affect the community's habits of thought. But all the while the changeless native proclivities of the race will assert themselves in some measure in any eventual revision of the received institutional system; and always they will stand ready eventually to break the ordered scheme of things into a paralytic mass of confusion if it can not be bent into some passable degree of congruity with the paramount native needs of life.

What is likely to arrest the attention of any student of the modern era from the outset is the peculiar character of its industry and of its intellectual outlook; particularly the scope and method of modern science and technology. The intellectual life of modern Europe and its cultural dependencies differs notably from what has gone before. There is all about it an air of matter-of-fact both in its technology and in its science; which culminates in a "mechanistic conception" of all those things with which scientific inquiry is concerned and in the light of which many of the dread realities of the Middle Ages look like superfluous make-believe.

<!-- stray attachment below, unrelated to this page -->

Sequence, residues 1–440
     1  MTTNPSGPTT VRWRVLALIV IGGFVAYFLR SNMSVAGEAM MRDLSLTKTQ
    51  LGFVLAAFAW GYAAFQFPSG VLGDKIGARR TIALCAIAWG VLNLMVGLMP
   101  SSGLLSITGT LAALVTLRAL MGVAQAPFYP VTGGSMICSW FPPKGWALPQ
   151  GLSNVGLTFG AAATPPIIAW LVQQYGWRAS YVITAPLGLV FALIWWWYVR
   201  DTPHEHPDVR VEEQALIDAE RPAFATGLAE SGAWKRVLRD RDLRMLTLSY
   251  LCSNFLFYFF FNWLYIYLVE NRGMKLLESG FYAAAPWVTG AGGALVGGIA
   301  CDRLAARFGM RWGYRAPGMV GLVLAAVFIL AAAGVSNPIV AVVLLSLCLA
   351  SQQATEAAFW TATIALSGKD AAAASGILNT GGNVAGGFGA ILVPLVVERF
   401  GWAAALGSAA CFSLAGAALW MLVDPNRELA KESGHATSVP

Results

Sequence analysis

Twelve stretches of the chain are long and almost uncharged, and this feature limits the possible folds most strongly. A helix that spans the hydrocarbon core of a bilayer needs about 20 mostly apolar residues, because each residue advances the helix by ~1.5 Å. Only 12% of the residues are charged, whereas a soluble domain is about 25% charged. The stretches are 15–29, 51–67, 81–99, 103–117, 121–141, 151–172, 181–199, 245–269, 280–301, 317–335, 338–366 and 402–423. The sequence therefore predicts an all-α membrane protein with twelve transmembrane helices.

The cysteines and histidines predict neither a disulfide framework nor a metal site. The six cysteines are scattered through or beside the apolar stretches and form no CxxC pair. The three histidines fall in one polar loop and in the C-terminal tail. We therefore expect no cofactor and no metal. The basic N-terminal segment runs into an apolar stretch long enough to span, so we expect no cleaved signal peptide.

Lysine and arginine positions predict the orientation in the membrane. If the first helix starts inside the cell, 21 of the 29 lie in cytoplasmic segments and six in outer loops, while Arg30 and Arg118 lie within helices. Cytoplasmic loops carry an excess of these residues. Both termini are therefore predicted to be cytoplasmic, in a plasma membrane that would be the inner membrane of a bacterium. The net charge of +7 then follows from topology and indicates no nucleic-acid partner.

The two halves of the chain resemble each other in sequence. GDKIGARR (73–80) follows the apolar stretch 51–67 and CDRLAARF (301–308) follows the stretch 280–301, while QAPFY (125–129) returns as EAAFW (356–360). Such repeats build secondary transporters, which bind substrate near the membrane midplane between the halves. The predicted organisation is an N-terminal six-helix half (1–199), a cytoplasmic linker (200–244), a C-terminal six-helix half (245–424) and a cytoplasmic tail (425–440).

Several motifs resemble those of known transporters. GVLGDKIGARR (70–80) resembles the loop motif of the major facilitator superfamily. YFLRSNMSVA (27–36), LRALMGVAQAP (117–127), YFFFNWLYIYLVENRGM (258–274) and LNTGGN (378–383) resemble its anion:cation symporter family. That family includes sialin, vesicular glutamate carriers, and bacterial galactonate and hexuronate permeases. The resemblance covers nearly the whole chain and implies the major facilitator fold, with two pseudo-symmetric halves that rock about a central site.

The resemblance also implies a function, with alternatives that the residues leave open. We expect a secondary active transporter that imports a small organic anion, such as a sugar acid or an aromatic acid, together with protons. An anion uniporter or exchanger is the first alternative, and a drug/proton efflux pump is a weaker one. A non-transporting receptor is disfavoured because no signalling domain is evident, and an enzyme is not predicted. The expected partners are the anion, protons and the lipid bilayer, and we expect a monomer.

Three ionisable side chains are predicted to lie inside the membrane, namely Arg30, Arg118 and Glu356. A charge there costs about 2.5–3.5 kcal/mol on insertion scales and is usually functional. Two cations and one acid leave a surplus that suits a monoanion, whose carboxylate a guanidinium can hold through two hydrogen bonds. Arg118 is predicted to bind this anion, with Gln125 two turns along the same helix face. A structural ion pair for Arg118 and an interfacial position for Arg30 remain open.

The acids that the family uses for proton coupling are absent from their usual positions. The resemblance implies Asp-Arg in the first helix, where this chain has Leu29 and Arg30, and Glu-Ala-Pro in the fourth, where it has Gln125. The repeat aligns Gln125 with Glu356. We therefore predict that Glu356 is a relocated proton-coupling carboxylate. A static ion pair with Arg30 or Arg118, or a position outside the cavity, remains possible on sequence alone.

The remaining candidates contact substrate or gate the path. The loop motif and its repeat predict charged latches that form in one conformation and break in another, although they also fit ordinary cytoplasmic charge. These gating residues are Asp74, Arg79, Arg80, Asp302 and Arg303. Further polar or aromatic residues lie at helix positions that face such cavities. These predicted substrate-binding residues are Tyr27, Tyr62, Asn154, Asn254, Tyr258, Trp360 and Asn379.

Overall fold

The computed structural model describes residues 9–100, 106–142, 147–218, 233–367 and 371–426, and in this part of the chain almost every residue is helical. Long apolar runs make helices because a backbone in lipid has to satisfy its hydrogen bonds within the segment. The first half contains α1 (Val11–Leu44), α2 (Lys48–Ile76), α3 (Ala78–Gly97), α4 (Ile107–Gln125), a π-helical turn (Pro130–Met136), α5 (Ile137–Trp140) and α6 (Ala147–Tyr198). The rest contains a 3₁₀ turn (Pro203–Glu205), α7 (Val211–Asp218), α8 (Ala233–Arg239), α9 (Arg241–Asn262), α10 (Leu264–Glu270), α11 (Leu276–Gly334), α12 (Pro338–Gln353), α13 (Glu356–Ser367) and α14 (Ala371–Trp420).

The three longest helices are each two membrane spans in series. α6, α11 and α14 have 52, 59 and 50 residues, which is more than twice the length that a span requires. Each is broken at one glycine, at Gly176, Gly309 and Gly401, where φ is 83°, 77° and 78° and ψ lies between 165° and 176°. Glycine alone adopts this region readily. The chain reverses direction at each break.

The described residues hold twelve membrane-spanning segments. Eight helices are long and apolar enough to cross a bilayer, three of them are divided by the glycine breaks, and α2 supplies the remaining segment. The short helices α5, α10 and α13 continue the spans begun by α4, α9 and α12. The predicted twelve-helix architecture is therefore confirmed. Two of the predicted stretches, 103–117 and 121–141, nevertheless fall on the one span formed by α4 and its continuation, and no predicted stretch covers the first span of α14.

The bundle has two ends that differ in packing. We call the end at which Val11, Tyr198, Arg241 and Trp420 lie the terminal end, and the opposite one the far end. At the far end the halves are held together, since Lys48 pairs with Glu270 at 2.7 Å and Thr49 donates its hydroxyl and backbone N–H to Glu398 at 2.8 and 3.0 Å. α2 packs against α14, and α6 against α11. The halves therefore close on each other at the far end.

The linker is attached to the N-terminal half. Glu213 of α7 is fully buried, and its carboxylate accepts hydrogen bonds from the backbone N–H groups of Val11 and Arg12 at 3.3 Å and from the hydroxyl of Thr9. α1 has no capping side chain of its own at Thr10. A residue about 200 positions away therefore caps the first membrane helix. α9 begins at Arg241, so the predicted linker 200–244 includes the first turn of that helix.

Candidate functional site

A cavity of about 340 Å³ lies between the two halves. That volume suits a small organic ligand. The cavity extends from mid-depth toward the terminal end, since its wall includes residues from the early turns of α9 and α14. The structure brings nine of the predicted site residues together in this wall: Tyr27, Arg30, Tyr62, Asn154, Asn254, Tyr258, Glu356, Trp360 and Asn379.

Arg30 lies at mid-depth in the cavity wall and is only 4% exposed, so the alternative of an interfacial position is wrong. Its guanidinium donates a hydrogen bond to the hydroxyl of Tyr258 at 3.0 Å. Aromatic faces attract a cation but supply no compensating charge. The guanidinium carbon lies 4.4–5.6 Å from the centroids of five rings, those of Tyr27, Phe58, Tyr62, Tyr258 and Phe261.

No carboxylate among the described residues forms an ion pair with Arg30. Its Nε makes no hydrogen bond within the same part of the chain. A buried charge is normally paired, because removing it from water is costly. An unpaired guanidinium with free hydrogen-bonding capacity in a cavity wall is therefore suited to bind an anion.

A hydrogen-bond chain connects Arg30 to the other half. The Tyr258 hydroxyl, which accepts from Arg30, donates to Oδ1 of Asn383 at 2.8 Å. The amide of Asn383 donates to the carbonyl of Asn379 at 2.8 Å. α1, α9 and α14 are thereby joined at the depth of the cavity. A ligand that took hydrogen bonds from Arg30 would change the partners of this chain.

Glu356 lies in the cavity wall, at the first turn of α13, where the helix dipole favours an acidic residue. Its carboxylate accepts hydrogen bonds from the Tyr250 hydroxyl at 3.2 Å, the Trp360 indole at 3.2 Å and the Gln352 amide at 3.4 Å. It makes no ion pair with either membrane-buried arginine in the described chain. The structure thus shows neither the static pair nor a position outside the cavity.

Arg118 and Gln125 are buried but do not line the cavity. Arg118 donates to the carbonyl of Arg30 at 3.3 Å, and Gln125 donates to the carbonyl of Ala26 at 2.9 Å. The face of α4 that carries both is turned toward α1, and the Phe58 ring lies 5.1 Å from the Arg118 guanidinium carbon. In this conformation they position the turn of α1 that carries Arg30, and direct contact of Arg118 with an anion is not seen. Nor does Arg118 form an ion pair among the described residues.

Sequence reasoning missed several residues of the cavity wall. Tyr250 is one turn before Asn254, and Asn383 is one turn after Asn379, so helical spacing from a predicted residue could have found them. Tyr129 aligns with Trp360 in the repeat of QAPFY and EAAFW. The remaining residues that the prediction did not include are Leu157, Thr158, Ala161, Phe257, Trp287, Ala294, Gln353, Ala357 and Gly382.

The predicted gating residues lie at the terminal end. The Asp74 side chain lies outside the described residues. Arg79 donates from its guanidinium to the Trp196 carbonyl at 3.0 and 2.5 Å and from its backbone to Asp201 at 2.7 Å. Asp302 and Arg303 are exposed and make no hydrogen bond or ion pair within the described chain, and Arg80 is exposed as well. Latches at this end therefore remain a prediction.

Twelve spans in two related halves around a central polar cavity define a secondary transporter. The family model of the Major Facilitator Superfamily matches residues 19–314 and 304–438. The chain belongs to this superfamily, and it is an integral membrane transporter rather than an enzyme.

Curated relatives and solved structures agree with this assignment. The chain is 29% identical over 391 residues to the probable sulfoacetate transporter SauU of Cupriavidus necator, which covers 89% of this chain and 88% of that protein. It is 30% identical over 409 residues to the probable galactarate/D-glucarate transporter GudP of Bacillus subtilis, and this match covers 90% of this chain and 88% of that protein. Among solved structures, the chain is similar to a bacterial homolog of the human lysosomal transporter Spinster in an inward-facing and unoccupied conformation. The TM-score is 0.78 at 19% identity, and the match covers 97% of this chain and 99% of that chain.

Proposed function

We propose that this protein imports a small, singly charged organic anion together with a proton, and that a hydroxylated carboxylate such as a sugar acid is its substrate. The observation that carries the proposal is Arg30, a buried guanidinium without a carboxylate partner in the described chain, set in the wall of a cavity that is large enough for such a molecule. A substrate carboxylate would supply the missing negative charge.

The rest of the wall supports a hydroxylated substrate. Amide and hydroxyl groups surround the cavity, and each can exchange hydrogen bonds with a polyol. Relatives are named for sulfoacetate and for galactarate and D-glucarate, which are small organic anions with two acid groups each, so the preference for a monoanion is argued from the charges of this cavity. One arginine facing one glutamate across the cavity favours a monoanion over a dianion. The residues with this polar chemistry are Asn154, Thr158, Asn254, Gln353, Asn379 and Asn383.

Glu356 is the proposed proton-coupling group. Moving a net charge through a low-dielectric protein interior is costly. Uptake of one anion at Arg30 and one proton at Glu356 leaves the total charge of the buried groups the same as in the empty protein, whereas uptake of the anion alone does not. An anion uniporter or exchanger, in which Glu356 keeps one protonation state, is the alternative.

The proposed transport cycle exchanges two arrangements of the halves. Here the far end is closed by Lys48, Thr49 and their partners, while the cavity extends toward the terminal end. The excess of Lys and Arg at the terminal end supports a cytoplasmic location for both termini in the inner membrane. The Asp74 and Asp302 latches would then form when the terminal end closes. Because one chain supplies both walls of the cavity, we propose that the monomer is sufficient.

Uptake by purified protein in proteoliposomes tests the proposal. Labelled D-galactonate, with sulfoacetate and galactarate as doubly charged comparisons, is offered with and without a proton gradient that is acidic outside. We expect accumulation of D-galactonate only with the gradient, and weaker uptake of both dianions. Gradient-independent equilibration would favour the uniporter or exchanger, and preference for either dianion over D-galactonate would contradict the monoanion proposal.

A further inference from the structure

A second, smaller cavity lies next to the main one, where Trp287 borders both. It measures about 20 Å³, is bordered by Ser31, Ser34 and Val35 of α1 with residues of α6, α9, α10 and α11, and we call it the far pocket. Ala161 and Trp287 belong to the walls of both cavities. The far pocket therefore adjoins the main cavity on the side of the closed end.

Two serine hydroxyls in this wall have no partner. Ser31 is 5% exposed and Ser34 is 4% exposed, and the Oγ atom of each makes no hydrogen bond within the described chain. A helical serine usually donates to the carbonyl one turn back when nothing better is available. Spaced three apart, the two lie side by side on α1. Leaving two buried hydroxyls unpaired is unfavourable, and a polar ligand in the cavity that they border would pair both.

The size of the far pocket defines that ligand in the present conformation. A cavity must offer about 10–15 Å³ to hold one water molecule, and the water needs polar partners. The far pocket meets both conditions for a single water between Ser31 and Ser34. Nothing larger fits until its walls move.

But it has been only during the later decades of the modern era - during that time interval that might fairly be called the post-modern era that this mechanistic conception of things has begun seriously to affect the current system of knowledge and belief; and it has not hitherto seriously taken effect except in technology and in the material sciences. So that it has not hitherto seriously invaded the established scheme of institutional arrangements, the system of law and custom, which governs the rela